Medicaid Reform

Beginning with the Southern Tier Organization to Reform Medicaid (STORM) spearheaded over a decade ago by Chemung County Executive Tom Santulli – who’s been such a widely respected and effective leader in this arena of reform for so long – our region has been on the leading edge of the fight to reform New York State’s system of Medicaid.

It’s a system that now costs state and local taxpayers more than one billion dollars a week but remains plagued by unacceptable abuse, fraud and waste.

I agree, wholeheartedly, that we need to take care of people in our community and region that need the care Medicaid was intended to provide. But by some accounts, one out of four New Yorkers now receives some type of Medicaid benefit — a rate of growth which is, very simply, unsustainable now but that’s expected to just keep growing.

Medicaid needs to be reformed to provide essential care – but to provide it cost effectively and without being the abused, mismanaged and overwhelmingly expensive system of health care that it’s become in New York State at the expense of taxpayers.

OMara-Announcement

Throughout his tenure in the Legislature, Senator O’Mara has been a strong advocate for and sponsored legislation to reform the state’s Medicaid system.

The cost of Medicaid is the single largest unfunded state mandate on counties. It’s an unfair and unreasonable cost that overwhelms their finances and places some counties on the brink of bankruptcy. The local share of Medicaid accounts for far too large a share of our counties’ total real property tax levy. This local share — again, an unfunded State mandate (the most burdensome one of all) — has driven up real property taxes, the worst job-killing tax there is, in virtually every county in the State.

That’s why reform of Medicaid has long been and remains so important to me.

Many state fiscal experts are pointing to New York’s effort to redesign its system of Medicaid as the cornerstone of recent state budgets. I won’t argue. Again, it’s the state’s most expensive program and it’s the largest unfunded mandate burdening our local governments. If we’re going to get serious about state spending control, we have to get serious about Medicaid reform. It’s that simple. We’ve taken some important and meaningful steps since 2011 – including a state takeover of the growth in local Medicaid costs – but it’s time to go even further, which is why I have:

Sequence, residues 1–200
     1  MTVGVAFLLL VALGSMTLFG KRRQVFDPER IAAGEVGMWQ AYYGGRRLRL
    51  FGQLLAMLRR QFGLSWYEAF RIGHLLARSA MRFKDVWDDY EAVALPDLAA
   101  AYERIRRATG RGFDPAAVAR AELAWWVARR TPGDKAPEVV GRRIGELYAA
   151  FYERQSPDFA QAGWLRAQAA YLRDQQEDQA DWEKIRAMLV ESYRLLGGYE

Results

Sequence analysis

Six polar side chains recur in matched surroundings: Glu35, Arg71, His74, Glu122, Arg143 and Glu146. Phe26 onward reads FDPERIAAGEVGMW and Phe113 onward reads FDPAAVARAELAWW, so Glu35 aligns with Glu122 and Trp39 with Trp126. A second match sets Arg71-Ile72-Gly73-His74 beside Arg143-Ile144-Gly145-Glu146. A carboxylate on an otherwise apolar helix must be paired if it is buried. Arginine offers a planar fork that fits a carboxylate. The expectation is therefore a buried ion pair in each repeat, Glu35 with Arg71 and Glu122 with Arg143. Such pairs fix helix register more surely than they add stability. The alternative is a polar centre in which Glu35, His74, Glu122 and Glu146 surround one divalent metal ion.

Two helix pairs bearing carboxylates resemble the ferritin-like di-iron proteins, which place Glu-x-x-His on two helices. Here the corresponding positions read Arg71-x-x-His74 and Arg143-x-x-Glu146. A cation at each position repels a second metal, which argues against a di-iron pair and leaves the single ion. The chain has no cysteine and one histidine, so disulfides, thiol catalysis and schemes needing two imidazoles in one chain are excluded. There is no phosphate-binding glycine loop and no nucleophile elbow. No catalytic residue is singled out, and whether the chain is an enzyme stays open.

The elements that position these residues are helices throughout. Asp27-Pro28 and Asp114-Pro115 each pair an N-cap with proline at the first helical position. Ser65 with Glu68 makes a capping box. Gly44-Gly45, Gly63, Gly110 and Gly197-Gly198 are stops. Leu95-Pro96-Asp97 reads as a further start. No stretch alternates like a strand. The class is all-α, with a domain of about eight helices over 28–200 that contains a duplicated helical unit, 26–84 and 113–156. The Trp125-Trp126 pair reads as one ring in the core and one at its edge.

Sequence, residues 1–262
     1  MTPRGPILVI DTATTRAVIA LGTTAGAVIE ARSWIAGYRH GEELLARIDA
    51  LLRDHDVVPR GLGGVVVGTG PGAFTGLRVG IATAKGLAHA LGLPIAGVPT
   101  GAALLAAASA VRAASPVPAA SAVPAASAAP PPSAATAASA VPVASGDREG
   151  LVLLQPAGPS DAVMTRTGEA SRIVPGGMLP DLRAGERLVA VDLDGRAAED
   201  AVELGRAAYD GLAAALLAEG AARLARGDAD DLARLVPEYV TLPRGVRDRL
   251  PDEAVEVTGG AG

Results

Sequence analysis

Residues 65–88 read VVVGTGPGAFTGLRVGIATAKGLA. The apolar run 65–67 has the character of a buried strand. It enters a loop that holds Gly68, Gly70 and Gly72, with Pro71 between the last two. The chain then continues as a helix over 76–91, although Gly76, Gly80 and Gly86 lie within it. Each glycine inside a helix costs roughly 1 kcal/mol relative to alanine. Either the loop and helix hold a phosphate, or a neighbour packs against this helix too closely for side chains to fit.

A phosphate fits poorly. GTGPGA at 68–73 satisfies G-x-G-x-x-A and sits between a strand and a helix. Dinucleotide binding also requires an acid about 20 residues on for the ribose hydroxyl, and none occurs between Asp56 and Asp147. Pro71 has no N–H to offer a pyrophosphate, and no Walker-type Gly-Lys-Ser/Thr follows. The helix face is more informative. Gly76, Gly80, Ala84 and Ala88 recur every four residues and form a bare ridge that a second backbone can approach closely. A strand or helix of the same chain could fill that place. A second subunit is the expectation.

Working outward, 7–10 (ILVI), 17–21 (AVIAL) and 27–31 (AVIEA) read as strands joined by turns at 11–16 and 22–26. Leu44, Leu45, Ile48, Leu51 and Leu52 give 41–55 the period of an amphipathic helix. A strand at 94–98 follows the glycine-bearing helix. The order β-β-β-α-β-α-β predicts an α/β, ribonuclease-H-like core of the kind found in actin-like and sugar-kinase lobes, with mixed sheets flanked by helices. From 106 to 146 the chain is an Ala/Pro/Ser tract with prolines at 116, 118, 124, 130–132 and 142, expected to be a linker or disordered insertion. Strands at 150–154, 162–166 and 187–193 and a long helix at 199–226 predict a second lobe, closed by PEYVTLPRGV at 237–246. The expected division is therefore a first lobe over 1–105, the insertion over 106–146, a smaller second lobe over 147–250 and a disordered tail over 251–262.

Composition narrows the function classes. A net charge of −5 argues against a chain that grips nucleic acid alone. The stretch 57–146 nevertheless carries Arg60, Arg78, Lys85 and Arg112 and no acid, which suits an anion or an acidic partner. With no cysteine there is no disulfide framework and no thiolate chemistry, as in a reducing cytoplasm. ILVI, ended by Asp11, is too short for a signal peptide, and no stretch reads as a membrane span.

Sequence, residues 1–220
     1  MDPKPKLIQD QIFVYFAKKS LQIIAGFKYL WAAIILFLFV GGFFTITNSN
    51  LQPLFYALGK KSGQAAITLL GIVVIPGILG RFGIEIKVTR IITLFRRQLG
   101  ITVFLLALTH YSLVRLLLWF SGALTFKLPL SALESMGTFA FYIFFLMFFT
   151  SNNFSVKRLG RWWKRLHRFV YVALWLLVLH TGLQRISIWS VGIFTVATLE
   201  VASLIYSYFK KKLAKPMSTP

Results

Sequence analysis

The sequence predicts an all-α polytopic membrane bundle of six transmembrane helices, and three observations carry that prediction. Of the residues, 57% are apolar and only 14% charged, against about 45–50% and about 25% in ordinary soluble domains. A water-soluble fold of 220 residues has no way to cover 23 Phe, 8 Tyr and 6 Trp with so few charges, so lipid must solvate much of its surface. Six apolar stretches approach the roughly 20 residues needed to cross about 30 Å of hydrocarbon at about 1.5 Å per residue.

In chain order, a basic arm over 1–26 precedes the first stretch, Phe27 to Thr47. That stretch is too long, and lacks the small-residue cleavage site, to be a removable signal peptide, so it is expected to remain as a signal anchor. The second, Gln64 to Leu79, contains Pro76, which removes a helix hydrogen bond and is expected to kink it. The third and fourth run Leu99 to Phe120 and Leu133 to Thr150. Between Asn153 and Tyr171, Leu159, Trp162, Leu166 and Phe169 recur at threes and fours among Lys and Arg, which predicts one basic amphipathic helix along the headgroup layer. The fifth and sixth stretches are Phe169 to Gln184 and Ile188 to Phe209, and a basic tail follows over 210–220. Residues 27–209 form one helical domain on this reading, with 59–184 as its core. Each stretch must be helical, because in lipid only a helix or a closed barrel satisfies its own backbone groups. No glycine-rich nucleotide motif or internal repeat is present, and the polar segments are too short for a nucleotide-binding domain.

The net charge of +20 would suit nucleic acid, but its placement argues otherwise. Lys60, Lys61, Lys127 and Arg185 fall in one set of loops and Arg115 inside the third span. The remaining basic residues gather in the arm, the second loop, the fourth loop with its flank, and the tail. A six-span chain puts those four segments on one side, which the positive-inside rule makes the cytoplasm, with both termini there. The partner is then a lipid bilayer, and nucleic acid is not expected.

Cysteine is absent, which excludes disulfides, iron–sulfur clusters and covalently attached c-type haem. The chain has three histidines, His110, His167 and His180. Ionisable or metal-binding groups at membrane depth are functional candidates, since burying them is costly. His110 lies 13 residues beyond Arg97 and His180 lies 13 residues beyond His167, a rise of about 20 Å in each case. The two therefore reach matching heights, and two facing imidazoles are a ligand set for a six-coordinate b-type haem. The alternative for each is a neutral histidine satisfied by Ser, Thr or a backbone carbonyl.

• co-sponsored legislation, together with local Assemblymen Phil Palmesano and Chris Friend, to begin a full state takeover of local Medicaid costs. The idea behind this move is that if it’s the state’s responsibility, then the state will become more aggressive at fighting fraud and waste, and even more intent on redesigning and reducing the cost of the system;

  • sponsored legislation to encourage the more widespread use of modern, fraud detection technology like the software developed and continually fine-tuned by the Horseheads-based Salient Corporation. This Salient technology lays out a blueprint for effectively detecting and preventing fraud, inefficiency, mismanagement, overutilization and waste. My legislation would help more localities get started with its use by reimbursing them for the software’s initial cost – the underlying idea being that this small state investment could lead to significant cost savings;

  • encouraged the reinstatement of the eligibility requirements for face-to-face interviews, finger-imaging and asset tests for Medicaid applicants that were once conducted by counties but that were eliminated as part the 2009-10 state budget;

  • and sponsored legislation to restore the incentive for localities to pursue Medicaid fraud investigations.

One of my priority goals in the Senate is to continue to lead the fight to reform Medicaid in order to save property taxpayers and our counties and communities our hard-earned and limited tax dollars. I will continue to fight for the reforms highlighted above, and others, to ensure a better system for those and only those the program was intended to serve, and before the burden of the system simply sinks local governments and property taxpayers.